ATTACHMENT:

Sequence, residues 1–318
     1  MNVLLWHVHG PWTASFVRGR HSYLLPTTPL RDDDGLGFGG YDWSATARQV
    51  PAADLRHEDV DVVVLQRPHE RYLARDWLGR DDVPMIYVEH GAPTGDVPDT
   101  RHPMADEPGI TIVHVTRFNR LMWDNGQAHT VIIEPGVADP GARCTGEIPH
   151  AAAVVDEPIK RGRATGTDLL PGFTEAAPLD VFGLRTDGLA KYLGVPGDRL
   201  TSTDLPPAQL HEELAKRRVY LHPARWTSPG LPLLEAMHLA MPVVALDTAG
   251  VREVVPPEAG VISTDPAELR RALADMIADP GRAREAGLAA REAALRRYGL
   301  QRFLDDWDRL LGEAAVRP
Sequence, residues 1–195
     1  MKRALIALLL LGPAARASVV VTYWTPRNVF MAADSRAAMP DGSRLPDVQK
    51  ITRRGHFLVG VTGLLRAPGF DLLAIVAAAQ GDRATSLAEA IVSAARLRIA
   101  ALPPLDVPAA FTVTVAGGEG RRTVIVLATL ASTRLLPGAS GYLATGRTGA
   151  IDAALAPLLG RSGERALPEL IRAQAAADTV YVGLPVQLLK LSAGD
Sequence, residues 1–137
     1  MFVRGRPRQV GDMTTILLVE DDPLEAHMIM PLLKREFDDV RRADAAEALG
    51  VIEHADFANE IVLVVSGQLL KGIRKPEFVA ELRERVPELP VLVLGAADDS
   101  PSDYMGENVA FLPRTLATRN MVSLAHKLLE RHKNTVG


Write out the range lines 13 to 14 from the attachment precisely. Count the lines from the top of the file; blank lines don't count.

   151  IDAALAPLLG RSGERALPEL IRAQAAADTV YVGLPVQLLK LSAGD
Sequence, residues 1–137